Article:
While the main computer was still technically the family computer, I ended up with one of the older machines in my room at one point as well. There are a few key defining moments of this era in my computing cycle. I got a bit more experience dealing with computer hardware. I bought a 2.5 GB drive for the family PC because I needed more space. Which would lead to some fun because Windows 95/98 didn’t support a drive larger than 2GB. I actually don’t remember if I partitioned it or if it just, had .5GB unused.

I also got a ZIP100 Drive sometime around this time as well. These were like disks, but “huge” at 100MB each. I spent my own money on both of these things. I guess it was sort of the start of my digital hoarding life. I had a lot of disposable income around this time because I started working at McDonald’s at 16. Aside from the $20 each paycheck or two to fill my gas tank, I spent the rest on whatever. Usually VHS movies, CDs, and VHS Anime tapes. Sometimes expensive computer hardware. I had 10 of those ZIP disks and they cost me $100.

The bigger moment of this era was going online.

It was all done with dial-up, so it tied up the phone line and was slow slow slow. My dad worked for the phone company so our internet was through Ameritech, or SBC, or whatever it was called at the time. I had other outlets though, that I could use on my bedroom PC. I remember three specifically. One was some sort of message board for IUPUI, the university, though I was not in college at the time. Another was this dial-in BBS system for the Illinois Education system. My friends and I would post there and use the chat system. It was at that time I learned that things are not always as anonymous as one might think when this dude came to me at school one day and told me to stop talking to his girlfriend over the system.

How did he know that “Bevis” was me?? The world may never know.

I also posted some stories there that are, sadly, lost to time and the ether of the internet.

Lastly was this MUD, or MUCK, I don’t know which it was. I know I could dial in, and it was this text based RPG thing. You could go around town, or go down in a dungeon deeper and deeper. I never really left the town, but I became extremely rich. I found a bug of sorts. I believe the process was something like…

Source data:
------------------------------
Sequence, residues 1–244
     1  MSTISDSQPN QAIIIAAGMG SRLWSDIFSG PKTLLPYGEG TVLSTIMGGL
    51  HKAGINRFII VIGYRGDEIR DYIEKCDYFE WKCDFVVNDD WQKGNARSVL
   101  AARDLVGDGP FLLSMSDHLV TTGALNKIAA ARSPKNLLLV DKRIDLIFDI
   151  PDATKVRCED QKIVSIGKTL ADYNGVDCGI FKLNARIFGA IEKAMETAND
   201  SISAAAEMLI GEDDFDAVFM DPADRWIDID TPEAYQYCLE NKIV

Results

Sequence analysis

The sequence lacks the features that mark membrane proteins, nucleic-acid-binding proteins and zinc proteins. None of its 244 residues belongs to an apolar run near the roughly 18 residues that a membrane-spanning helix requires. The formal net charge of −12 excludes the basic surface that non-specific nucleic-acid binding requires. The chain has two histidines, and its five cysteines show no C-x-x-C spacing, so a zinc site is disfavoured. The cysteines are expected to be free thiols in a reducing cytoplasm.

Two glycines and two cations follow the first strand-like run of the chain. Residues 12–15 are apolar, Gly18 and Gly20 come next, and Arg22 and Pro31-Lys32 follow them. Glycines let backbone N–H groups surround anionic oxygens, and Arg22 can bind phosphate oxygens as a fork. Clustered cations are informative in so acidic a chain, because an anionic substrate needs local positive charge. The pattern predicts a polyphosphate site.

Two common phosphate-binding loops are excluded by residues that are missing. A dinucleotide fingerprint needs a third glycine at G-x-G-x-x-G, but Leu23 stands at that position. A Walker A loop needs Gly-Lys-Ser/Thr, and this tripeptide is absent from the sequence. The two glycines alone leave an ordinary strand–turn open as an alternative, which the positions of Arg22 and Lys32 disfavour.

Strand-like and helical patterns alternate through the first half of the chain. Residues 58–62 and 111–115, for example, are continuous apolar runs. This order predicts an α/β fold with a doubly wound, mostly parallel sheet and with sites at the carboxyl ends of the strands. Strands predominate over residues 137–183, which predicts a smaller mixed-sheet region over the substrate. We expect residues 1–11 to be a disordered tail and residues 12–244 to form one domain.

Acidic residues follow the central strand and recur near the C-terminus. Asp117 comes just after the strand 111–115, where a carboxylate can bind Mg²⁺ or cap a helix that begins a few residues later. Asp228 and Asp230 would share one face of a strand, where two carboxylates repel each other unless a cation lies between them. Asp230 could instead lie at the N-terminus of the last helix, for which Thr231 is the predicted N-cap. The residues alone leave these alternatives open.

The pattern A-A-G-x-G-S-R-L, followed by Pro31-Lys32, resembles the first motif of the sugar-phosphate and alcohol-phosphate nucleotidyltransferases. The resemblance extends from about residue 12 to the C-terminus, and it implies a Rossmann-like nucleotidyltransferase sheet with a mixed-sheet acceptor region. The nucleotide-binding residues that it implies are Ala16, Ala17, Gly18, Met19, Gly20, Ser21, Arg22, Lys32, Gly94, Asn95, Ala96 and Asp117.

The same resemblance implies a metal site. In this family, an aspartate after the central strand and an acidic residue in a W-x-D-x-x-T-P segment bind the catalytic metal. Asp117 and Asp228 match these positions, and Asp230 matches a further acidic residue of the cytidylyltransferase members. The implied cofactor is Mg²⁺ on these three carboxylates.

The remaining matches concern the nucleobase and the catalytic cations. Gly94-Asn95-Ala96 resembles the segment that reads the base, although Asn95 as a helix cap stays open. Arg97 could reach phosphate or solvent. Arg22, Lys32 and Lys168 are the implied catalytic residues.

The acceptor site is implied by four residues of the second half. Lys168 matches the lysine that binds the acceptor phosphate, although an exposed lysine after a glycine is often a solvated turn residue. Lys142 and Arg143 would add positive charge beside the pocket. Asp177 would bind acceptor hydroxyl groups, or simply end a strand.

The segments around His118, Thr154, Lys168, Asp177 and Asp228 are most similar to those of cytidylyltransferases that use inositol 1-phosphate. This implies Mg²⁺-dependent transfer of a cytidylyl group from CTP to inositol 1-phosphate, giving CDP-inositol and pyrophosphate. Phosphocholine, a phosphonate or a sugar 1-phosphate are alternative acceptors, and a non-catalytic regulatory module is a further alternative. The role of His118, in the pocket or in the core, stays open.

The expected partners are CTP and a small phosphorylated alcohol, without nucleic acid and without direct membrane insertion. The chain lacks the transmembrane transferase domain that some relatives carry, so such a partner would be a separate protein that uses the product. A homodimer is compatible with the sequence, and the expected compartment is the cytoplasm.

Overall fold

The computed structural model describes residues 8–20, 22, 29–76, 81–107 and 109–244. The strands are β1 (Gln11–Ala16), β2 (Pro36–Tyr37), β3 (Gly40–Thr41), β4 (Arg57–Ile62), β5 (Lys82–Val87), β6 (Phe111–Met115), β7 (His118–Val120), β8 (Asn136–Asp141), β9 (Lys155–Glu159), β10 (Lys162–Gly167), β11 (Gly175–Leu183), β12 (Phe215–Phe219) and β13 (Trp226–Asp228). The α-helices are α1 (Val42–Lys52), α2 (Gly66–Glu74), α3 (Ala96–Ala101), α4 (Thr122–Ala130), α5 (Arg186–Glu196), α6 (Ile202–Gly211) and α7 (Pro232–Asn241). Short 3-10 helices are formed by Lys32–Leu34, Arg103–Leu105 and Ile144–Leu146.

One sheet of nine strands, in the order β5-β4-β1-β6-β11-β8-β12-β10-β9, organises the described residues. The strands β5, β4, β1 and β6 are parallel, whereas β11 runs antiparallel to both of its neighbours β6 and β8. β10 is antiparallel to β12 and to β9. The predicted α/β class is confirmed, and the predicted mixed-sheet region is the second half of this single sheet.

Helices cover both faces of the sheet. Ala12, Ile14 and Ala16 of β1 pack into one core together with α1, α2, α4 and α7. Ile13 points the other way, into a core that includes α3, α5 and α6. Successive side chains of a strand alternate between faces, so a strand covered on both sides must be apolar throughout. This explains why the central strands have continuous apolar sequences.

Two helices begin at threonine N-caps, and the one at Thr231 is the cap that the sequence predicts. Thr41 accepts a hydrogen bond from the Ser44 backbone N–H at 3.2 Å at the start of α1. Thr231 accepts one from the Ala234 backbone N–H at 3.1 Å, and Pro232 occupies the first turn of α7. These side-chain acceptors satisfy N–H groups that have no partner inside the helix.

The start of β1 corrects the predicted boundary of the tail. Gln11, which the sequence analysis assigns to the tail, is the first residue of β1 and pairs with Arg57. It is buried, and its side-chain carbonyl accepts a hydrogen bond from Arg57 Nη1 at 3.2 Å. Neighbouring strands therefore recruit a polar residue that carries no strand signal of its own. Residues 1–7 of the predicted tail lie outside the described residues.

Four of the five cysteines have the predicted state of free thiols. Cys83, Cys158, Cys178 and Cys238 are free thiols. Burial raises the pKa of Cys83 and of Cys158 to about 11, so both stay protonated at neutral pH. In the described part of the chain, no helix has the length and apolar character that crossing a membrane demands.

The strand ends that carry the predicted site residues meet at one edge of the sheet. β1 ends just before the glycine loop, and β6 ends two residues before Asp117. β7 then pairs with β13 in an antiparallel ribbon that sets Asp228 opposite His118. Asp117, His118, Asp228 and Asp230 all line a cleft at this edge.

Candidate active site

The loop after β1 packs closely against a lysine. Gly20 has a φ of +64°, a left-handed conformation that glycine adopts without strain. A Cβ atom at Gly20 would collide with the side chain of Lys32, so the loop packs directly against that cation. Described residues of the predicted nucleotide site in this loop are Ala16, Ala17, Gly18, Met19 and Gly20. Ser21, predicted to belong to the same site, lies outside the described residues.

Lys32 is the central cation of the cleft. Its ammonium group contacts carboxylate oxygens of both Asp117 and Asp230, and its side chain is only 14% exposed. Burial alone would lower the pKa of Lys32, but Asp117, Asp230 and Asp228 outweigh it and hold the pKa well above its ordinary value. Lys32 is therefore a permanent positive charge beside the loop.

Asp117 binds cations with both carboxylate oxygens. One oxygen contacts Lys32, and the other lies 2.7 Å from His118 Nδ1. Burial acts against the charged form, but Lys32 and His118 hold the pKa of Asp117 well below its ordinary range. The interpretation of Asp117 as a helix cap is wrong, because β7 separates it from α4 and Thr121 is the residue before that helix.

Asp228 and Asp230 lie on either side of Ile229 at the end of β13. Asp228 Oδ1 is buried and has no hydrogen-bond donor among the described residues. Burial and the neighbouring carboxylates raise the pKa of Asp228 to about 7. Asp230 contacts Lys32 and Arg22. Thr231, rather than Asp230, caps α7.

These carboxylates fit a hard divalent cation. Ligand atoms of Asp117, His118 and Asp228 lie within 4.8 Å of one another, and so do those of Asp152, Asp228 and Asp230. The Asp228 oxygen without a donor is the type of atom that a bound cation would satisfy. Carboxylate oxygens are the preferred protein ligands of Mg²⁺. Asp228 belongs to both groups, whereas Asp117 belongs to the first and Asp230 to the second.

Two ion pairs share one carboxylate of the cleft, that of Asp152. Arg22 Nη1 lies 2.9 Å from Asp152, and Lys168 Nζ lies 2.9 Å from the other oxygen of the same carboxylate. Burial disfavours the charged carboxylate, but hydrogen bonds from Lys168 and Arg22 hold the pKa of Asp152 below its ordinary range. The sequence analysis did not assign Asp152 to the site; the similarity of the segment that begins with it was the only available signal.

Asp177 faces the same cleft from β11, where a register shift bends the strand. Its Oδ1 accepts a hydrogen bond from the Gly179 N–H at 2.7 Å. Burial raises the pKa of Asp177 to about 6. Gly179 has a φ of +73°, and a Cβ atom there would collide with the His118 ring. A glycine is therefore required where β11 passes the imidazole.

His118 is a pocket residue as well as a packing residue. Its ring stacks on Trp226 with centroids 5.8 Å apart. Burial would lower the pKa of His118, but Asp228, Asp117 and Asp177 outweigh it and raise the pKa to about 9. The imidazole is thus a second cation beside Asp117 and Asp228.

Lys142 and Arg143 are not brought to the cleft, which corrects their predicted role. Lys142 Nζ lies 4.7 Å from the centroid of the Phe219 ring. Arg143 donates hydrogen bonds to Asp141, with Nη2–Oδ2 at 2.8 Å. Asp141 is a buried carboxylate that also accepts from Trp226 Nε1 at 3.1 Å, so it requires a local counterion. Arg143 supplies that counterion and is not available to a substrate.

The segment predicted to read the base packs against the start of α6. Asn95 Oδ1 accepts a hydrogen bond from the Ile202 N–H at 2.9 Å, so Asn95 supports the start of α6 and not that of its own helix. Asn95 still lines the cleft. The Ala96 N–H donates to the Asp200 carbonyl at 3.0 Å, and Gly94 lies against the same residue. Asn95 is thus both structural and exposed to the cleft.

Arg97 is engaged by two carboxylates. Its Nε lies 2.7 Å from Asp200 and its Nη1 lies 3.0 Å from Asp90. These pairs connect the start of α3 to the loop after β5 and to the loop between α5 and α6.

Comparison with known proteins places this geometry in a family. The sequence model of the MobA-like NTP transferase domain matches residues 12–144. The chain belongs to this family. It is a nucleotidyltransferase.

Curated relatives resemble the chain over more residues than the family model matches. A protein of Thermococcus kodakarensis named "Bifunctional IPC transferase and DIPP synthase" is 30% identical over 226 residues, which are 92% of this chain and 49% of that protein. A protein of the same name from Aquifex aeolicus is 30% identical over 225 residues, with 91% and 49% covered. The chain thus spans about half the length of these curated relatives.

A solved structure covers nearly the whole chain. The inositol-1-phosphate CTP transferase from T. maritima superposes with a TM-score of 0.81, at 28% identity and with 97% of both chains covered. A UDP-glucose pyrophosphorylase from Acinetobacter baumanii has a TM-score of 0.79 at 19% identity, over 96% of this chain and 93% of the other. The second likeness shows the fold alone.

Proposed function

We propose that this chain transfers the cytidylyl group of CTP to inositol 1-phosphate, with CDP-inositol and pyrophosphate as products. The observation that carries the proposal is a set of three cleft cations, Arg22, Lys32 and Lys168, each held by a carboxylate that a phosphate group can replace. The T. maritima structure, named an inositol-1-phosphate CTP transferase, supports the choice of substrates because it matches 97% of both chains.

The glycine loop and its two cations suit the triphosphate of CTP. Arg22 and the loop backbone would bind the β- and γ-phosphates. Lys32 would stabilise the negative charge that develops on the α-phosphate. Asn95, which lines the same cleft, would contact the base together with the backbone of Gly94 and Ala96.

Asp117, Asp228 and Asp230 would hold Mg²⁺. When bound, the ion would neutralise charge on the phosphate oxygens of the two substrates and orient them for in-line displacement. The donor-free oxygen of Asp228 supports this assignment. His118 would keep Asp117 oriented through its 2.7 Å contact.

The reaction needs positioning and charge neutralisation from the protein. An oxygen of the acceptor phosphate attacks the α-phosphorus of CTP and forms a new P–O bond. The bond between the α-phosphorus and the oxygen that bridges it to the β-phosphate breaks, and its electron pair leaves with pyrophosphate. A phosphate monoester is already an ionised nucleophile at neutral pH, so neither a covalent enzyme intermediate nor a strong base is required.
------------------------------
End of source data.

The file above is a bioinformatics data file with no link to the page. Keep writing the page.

• Go to the inn.
  • Murder all of the sleeping player characters
  • Take and sell their possessions
  • Give the gold to an alt
  • Wait a day
  • All of the dead PCs would be revived
  • Wash, rinse repeat.

After I amassed enough wealth, I had enough money to buy the “fancy room” that had dragon guards. No one was going to be murdering ME in my sleep.

Aside rom these side escapades, there was the “real internet.” I spent a lot of time browsing all sorts of websites about video games and anime. Eventually, I started my own couple of pages on GeoCities as well. At the time using Microsoft Page, an early WYSIWYG editor.

I also downloaded videos and music, though they were hard to find at the time. There was no Spotify or even places to buy wave files at the time. For anything large, it meant starting it before bed, and letting it run for hours to download. There were special programs you could use to pause and resume large downloads.

It was all the start of something amazing and wonderful in this perfect digital world of the Internet.

My Computing Journey – Part 3 – The x86 Era

This actually get a bit hazy here for actual computer models, and I spent a bit of time browsing through Vintage Packard Bell machines to see if I could figure out which machines cover this era of my computing. This would have been somewhere between 1991 and 1995, give or take a bit, after we moved across town when I was 11-12-ish and before we moved to Indiana for a bit when I was 14-15ish. I am not positive if there were one or two PCs in this era, there was either one 286 (for sure, for reasons I’ll touch on) and possibly later a 486. For simplicity’s sake, I’m just going to refer to this as one PC, that was a 286. If for some reason you’re keeping score, and notice something that doesn’t match for a 286, then well, assume there was a 486 in there.

I am pretty sure it was this PC though (not my picture, and that PC is filthy.).

Why am I so confident there was a 286?

That’s simple, Doom. At one point during this time frame, and for some weird reason, I have a lot of strong memories of this whole night and event, a bunch of my friends and I spent the night over at one of their homes. I know we played a lot of Jurassic Park on the SEGA Genesis because it was way cool that you could play as a Raptor and go around killing dudes. I remember we played a lot of Hero’s Quest, because we were super into Hero’s Quest at this time. I remember that they all got stoned, though I did not because I wasn’t really into that, though it’s likely I ended up “secondhand stoned” if that’s even a thing. Whatever the case, I remember that at one point someone got a bit upset at me because they were using a Bob Dylan CD I had brought for “rosin” which I still don’t know what that is, but I noticed my CD was dirty so I cleaned it off.